Pipeline project “hijacked” by five male chiefs
Theresa Tait Day, a former Wet’suwet’en hereditary leader, told MPs a pipeline project had been “hijacked” by five male chiefs and criticized Liberal cabinet ministers for making a secret deal with them.
Speaking at a House of Commons committee meeting, Tait Day said the decision last month to meet with hereditary chiefs was a mistake, according to the National Post.
“The government has legitimized the meeting with the five hereditary chiefs and left out their entire community,” she said. “We can not be dictated to by a group of five guys.”
Crown Indigenous Relations Minister Carolyn Bennett met with a group of hereditary chiefs from the Wet’suwet’en community in Northern B.C. last month after weeks of crippling railway blockades.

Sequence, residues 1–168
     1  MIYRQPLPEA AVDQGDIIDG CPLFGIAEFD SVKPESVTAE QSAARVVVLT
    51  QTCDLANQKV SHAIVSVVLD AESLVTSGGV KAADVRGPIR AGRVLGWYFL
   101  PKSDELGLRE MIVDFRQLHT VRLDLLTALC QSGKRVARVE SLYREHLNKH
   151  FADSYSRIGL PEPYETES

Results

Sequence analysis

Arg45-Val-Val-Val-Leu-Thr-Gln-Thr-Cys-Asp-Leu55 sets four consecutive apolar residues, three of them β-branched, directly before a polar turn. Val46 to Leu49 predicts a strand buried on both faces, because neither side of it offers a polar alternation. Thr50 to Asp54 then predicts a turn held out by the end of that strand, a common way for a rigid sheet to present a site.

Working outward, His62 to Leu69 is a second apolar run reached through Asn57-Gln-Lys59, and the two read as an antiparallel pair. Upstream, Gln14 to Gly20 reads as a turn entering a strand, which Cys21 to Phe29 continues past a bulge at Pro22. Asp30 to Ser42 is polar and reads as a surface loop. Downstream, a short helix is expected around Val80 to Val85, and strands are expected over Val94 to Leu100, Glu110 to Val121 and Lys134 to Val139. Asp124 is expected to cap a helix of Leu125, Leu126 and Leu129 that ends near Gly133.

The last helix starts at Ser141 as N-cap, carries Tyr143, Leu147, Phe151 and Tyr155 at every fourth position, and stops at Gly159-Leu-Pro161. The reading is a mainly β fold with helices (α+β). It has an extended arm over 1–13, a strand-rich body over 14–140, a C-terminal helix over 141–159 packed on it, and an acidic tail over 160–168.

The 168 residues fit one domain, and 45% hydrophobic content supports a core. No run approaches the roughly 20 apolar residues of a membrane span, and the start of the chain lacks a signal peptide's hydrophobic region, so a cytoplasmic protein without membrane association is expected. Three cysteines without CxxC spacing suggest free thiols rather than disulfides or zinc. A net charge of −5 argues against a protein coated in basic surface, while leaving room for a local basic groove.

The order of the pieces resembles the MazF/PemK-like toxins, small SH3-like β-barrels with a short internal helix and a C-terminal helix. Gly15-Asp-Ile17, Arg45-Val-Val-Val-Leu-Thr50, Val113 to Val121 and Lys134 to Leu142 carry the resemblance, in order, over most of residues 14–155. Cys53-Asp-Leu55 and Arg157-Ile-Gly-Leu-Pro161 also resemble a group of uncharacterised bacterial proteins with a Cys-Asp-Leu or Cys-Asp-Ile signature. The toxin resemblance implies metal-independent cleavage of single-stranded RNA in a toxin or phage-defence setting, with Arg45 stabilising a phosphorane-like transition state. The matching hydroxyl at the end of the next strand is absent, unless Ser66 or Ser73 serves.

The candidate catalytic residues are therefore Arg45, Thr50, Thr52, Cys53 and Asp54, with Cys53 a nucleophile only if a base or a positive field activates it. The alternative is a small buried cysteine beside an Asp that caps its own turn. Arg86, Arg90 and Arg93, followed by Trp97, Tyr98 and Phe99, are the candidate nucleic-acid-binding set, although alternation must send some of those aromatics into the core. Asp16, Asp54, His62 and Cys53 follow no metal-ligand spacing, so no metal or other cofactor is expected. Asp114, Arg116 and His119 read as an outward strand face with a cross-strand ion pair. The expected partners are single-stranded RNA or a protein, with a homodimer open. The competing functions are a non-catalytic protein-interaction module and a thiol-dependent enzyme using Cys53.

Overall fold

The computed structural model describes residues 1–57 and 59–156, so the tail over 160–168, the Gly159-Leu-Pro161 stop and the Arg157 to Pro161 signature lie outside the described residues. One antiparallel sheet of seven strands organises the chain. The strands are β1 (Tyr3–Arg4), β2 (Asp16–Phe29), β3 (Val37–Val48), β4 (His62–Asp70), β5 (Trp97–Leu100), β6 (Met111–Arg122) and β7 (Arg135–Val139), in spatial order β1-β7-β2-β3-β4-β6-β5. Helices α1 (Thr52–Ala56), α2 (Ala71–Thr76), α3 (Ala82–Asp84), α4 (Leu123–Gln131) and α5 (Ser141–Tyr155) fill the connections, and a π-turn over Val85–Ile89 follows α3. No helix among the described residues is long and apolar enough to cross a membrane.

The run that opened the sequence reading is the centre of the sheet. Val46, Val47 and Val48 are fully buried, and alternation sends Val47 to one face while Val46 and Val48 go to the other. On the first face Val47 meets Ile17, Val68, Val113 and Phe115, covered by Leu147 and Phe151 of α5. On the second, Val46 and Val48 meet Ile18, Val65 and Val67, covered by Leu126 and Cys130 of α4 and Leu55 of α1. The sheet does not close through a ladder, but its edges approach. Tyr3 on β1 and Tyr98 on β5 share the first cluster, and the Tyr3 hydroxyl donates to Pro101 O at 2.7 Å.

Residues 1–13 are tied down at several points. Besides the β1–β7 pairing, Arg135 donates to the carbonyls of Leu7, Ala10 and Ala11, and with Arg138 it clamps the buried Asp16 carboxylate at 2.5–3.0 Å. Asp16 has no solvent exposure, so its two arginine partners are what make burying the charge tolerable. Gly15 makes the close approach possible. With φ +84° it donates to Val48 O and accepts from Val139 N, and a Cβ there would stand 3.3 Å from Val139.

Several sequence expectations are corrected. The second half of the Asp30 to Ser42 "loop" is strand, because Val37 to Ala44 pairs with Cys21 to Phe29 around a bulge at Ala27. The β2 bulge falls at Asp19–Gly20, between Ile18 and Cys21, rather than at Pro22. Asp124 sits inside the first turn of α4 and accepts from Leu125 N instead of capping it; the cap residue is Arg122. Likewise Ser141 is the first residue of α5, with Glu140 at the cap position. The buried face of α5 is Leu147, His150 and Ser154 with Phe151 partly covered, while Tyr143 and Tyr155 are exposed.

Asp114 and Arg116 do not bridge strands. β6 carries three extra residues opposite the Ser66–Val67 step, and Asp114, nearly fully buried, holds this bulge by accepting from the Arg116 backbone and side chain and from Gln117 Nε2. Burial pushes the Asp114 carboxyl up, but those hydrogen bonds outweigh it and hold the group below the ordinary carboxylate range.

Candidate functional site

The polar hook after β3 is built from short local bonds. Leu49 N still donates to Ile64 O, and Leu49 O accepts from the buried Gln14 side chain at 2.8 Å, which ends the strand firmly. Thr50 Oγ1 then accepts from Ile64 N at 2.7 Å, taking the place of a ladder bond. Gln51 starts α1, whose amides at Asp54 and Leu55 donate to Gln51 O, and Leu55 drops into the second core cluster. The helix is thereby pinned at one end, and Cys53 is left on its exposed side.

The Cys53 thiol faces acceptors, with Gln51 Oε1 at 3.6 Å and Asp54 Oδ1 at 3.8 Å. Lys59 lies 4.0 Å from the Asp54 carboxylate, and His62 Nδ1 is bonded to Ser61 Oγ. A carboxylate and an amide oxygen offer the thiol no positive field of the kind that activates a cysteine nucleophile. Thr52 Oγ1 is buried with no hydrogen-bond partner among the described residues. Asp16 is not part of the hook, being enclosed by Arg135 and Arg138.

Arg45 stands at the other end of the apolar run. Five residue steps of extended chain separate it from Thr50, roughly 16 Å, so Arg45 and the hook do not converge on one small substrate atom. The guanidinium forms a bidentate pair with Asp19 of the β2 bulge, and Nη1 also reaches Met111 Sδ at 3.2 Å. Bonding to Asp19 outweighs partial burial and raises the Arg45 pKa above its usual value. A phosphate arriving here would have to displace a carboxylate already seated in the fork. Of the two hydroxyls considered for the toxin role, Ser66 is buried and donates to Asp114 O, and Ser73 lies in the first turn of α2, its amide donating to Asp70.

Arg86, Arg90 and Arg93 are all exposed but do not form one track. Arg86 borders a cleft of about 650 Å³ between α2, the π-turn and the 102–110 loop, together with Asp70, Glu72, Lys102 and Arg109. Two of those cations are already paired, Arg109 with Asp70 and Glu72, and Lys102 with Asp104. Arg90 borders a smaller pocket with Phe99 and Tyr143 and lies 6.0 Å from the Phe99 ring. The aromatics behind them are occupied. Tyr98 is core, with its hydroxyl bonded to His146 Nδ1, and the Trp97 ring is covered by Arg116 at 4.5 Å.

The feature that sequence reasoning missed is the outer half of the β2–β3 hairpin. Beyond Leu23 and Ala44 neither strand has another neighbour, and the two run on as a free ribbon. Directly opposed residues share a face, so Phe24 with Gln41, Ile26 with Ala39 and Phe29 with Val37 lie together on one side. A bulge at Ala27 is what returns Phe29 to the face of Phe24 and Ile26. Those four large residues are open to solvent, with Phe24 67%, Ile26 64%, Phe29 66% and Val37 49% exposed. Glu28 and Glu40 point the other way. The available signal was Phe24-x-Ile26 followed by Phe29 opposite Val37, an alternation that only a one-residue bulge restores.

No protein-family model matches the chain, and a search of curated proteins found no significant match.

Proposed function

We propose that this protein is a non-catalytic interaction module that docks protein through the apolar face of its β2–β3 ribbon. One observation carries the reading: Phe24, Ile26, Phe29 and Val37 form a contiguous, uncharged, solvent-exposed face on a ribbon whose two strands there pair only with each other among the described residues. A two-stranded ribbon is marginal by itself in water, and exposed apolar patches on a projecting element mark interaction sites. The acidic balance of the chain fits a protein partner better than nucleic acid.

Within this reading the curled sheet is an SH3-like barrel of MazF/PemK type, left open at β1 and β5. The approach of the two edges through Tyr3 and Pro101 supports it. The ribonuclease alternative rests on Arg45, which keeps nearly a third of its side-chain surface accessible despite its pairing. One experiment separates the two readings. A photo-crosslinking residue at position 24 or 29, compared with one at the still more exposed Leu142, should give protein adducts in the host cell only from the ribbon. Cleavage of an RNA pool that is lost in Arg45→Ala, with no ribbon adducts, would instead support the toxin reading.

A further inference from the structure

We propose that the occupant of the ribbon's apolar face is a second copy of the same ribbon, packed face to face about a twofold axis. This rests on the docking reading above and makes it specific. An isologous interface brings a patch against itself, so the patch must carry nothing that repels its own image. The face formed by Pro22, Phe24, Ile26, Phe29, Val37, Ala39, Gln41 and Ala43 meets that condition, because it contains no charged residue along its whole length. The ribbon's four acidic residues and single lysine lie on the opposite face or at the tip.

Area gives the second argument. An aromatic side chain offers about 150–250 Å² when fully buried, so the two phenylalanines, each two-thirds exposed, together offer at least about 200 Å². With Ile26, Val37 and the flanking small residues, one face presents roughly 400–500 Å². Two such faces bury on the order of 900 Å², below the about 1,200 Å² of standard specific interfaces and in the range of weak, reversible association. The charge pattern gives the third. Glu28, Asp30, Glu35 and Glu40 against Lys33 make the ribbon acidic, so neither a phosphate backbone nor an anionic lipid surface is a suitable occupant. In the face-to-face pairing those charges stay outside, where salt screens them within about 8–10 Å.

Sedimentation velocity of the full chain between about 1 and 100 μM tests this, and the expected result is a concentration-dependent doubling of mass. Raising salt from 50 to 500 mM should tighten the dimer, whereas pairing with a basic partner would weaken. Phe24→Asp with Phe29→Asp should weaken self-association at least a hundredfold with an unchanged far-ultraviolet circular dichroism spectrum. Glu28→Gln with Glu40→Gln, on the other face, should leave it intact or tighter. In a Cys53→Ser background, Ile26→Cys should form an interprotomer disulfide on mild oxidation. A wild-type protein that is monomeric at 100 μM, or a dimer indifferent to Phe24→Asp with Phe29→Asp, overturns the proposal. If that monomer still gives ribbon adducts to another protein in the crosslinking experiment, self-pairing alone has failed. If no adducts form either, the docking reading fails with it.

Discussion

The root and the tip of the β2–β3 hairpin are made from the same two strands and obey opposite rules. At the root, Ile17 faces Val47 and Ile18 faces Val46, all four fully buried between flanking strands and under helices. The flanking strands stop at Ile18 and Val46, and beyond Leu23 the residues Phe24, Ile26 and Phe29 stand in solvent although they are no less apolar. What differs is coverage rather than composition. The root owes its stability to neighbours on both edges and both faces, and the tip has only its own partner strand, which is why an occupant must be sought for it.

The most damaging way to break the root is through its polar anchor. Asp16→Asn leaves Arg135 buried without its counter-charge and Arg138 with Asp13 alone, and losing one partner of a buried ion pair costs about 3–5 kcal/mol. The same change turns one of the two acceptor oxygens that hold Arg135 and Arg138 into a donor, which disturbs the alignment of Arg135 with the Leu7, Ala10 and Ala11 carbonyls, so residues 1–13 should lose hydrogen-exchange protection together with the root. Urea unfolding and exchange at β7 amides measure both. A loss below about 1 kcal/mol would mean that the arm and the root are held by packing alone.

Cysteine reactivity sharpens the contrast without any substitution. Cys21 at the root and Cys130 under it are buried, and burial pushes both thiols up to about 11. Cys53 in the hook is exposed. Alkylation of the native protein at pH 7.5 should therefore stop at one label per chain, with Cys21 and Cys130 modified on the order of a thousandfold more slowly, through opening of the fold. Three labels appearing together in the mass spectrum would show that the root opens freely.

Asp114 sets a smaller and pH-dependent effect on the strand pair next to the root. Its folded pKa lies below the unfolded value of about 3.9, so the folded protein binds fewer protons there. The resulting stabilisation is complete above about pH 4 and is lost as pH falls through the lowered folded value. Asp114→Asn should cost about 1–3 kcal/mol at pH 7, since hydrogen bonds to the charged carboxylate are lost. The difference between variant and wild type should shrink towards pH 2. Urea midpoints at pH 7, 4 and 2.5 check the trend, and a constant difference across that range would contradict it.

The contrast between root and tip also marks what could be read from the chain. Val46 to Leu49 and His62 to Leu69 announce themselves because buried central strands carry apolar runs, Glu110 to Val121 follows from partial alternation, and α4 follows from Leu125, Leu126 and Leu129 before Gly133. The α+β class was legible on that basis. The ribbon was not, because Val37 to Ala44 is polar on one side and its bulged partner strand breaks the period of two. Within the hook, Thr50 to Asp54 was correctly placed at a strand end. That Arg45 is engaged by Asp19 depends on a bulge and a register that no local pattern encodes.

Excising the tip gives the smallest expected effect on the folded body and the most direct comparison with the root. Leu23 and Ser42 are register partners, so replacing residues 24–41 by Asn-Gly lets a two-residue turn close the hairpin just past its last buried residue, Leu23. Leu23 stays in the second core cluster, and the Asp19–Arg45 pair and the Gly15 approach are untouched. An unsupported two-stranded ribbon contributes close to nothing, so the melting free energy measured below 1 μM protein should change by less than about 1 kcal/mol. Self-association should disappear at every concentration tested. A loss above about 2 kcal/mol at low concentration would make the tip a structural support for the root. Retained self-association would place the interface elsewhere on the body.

After several days of meetings, the two sides came to an agreement, the details of which are secret while the hereditary chiefs take the deal back to their community.
The hereditary chiefs are opposed to the Coastal GasLink pipeline, a project that would bring liquified natural gas to the B.C. coast for export.
But Tait Day, part of a group called the Wet’suwet’en Matrilineal Coalition who was stripped of her title of hereditary chief after supporting the Coastal GasLink project, said the vast majority of the people in Wet’suwet’en territory want the project to go ahead.
“This project has been hijacked by the five chiefs,” she said. “Over 80 per cent of the people in our community said they wanted LNG to proceed.”